The Department of Labor (DOL) has sent a proposal on defining a joint employer relationship to the White House and its Office of Management and Budget (OMB), signaling that a Notice of Proposed Rulemaking (NPRM) will soon follow.

white-house-receives-joint-employer-proposalAccording to the Wall Street Journal, the proposal will set a “high bar” for establishing a joint employer relationship, which refers to the situation in which two employers — for instance, a corporation and a franchisee, or a temp agency and another business using that agency to provide employees — are jointly responsible for their shared employees’ rights under the Fair Labor Standards Act (FLSA) and other employment laws and regulations.

The issue grew more contentious under the Obama administration when the National Labor Relations Board (NLRB), which oversees some provisions of the FLSA, established the principle of “indirect control” as being the foundation of a joint employer relationship. A lawsuit by employees of local McDonald’s franchises against the parent corporation soon followed for alleged unlawful employment practices. (In essence, going after the deep-pockets parent corporation.)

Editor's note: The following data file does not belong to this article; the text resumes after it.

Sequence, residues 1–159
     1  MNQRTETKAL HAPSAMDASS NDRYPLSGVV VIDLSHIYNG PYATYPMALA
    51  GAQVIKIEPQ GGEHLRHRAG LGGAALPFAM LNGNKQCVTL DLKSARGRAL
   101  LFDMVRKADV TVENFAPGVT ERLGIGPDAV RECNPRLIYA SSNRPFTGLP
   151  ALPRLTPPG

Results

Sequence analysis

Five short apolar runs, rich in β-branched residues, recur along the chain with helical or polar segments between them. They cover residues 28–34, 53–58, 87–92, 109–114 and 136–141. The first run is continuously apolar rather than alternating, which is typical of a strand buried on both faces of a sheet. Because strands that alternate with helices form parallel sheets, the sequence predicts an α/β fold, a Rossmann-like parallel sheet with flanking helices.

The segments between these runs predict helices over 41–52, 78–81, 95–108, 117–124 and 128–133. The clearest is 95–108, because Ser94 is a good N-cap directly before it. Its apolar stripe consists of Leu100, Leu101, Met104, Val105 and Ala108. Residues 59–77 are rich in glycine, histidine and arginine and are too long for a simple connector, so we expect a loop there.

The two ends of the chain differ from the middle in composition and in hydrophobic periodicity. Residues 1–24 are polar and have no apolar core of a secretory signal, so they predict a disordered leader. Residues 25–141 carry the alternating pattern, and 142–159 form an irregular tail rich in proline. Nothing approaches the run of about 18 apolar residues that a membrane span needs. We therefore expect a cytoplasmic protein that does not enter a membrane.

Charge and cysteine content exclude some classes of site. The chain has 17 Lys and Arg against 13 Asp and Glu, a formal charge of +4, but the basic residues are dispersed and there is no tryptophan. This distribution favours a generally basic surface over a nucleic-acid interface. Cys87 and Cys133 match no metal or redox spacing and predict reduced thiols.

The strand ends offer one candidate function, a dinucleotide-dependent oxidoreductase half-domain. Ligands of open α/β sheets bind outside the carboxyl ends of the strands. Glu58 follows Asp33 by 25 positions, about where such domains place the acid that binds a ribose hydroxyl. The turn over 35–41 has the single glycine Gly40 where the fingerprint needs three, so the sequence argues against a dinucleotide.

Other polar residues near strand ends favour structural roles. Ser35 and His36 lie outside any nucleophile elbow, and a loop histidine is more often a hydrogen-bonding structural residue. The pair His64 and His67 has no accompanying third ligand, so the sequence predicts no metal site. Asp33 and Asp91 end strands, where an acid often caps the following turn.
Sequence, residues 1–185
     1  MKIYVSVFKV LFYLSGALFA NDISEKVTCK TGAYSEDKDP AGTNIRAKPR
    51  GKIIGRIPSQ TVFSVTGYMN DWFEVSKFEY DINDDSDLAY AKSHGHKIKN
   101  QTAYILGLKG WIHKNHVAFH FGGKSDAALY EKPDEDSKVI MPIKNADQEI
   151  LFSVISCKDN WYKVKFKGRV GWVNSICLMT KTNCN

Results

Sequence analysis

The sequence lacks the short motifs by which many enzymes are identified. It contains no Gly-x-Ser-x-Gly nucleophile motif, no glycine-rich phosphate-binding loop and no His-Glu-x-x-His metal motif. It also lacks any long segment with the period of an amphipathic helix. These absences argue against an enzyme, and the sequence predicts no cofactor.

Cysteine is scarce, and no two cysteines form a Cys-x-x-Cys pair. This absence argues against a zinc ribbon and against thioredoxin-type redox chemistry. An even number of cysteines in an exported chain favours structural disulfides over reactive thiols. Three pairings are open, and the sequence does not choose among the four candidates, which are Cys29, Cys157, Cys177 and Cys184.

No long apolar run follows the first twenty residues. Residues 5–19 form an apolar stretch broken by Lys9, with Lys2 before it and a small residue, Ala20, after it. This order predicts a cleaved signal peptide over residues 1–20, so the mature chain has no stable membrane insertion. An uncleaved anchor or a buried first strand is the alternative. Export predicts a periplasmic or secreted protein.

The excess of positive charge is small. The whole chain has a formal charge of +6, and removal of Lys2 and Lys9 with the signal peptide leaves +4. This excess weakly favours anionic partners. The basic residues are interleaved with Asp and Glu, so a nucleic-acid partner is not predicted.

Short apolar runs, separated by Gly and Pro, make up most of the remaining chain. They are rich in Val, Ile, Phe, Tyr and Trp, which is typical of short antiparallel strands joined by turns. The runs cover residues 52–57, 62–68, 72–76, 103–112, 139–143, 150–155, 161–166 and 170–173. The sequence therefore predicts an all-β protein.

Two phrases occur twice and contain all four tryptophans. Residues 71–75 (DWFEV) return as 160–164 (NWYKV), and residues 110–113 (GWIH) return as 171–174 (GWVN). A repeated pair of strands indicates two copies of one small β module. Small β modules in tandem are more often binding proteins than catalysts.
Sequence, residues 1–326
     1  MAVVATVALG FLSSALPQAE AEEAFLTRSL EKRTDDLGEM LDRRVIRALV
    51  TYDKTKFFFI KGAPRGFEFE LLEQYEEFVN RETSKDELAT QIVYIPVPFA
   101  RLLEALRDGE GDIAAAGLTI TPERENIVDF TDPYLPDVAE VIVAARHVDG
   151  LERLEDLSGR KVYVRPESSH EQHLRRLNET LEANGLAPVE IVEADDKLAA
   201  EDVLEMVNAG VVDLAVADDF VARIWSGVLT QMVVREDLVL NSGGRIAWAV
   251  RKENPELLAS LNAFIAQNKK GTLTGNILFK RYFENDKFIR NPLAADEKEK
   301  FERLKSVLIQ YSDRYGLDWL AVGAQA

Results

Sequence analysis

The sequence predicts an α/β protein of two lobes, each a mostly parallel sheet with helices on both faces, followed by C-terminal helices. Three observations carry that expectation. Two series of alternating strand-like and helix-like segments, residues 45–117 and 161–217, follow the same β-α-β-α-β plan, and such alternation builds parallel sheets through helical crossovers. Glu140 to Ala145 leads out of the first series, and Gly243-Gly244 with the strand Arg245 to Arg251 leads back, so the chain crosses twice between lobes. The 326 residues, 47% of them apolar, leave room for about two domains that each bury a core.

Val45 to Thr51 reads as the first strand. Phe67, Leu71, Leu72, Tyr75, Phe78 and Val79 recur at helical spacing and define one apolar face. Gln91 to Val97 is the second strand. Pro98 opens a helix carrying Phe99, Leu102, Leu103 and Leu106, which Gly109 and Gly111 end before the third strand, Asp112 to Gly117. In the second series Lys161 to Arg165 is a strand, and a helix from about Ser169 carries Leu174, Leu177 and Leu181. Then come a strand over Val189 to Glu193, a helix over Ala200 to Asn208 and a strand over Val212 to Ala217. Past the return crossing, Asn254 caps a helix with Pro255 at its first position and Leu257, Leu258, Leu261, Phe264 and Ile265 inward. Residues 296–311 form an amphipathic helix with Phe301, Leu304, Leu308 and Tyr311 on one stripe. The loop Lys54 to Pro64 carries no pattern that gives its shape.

In late 2018, the D.C. Circuit Court of Appeals ruled that the 2016 NLRB definition of “indirect control” was imprecise, and it ordered the agency to define it better.

The Trump NLRB, however, has sought to return to the longstanding “direct control” principle of defining a joint employer relationship, but has stumbled along the way. It is now working on its own rule to define such a relationship. (Direct control, for instance, would mean that the parent corporation or temp agency makes hiring and firing and wage and hour decisions with or for the other employer in the equation.)

Title 29 of the FLSA contains the law’s provisions regarding situations in which two employers jointly employ a worker — and are therefore jointly liable for FLSA violations.